Clozapine in Reducing Aggression and Violence in Forensic Populations
Popular media often portray people with a mental illness as being aggressive, violent, and incarcerated as a result of their behavior. Despite exaggeration in the media, risks for some aggressive behaviors are in fact higher in individuals with schizophrenia. This is often the case with influence of comorbid substance use disorders. It is essential that mental health professionals are aware of treatments that may help with attenuating and treating behaviors that contribute to violence, aggression and incarceration. This paper reviews violence and incarceration in individuals with schizophrenia as well as recommendations, guidelines and benefits for the use of clozapine in this population. Clozapine remains one of the most underutilized evidence-based medications available in the psychiatric arena in the United States. It is a viable and recommended option in the forensic population and it may be helpful on the path to recovery as well as bring substantial savings to the criminal justice system.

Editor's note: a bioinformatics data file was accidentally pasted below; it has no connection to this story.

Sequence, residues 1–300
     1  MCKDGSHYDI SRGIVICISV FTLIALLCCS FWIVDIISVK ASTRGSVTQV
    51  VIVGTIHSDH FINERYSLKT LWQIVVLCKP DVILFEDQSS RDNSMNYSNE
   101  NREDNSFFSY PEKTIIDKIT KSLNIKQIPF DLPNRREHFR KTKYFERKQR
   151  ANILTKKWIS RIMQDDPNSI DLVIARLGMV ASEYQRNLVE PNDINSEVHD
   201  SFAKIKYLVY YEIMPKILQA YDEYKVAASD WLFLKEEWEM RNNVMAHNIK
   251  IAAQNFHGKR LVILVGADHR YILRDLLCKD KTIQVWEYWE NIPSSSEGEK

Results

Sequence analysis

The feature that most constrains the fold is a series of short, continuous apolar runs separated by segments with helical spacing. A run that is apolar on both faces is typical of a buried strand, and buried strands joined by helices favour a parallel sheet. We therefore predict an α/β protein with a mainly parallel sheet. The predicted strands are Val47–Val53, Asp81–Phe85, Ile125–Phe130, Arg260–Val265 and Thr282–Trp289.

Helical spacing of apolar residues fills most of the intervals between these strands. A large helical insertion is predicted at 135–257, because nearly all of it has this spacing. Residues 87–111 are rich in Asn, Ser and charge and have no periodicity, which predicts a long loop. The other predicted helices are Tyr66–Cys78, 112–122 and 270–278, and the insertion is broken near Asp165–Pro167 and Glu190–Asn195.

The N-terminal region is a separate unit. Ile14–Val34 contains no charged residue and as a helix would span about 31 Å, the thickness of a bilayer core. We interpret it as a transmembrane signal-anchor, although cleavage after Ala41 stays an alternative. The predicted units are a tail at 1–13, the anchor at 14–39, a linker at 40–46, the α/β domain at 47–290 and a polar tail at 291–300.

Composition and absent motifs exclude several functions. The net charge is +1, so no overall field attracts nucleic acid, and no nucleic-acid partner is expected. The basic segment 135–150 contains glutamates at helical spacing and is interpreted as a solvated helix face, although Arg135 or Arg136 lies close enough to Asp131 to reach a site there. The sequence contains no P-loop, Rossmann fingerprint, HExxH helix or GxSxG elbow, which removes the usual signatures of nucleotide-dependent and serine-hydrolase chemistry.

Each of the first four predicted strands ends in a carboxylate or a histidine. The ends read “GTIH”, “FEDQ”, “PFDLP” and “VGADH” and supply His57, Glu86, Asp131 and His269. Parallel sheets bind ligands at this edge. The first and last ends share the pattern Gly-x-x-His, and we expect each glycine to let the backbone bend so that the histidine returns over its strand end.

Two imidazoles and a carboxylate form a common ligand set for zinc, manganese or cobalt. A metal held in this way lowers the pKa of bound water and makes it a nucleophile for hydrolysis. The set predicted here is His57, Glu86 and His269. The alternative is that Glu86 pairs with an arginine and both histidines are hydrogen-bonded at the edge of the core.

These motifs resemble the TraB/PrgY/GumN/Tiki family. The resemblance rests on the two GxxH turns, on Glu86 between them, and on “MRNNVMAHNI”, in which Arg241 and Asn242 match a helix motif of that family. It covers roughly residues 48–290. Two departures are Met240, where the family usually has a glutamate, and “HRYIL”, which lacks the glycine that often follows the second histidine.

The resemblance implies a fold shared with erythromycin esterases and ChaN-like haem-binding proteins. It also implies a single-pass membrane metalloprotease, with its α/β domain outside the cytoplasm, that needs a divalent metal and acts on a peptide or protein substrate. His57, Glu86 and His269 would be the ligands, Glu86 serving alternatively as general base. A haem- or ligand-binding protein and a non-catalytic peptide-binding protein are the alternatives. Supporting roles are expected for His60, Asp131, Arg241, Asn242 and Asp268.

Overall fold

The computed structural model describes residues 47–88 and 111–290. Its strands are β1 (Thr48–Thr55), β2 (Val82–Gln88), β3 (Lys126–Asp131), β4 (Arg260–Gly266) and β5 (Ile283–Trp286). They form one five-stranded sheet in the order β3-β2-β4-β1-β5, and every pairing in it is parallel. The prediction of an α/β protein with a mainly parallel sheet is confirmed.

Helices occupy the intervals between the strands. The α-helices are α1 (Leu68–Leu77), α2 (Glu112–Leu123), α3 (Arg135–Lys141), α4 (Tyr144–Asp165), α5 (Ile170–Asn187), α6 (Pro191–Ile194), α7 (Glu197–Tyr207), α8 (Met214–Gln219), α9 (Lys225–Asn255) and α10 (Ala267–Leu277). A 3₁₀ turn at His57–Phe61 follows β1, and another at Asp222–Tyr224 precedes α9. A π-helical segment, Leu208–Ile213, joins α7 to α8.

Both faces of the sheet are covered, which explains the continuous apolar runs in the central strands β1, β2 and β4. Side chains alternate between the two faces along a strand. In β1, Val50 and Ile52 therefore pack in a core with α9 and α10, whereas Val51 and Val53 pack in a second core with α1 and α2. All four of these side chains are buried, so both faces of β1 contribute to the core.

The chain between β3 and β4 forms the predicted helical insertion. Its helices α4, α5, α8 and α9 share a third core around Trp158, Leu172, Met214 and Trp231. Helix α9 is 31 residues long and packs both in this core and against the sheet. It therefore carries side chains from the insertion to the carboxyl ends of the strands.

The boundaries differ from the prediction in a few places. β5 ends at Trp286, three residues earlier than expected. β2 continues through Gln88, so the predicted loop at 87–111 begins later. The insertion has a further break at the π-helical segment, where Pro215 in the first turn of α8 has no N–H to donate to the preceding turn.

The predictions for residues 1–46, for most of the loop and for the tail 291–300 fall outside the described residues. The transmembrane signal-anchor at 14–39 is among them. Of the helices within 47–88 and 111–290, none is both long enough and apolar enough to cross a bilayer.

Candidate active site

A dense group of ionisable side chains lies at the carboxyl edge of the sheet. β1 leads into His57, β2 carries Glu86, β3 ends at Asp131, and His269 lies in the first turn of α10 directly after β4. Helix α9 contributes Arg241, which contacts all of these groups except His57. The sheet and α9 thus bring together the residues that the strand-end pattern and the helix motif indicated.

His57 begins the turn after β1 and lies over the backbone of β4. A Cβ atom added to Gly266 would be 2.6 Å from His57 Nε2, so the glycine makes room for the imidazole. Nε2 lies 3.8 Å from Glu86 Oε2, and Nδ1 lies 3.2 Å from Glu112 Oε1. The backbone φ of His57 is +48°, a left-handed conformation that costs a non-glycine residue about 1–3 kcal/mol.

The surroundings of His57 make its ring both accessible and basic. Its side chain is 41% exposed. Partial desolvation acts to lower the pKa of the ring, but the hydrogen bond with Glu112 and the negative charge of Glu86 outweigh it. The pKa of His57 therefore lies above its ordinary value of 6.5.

KeywordsClozapine Forensic Violence Aggression Criminal justice
This work was supported in part by grants NIMH R01 MH102215 (Kelly PI) and R01 MH105571-01 (Kelly PI).
Compliance with Ethical Standards
This work was supported in part by grants NIMH R01 MH102215 (Kelly PI) and R01 MH105571–01 (Kelly PI).
Disclosure of Potential Conflicts of Interest
Dr. Raymond Love owns stock in GlaxoSmithKline. All other authors declare that they have no conflict of interest.
Research Involving Human Participants and/or Animals
All procedures performed in studies involving human participants were in accordance with the ethical standards of the institutional and/or national research committee and with the 1964 Helsinki declaration and its later amendments or comparable ethical standards.
This article does not contain any studies with human participants or animals performed by any of the authors.
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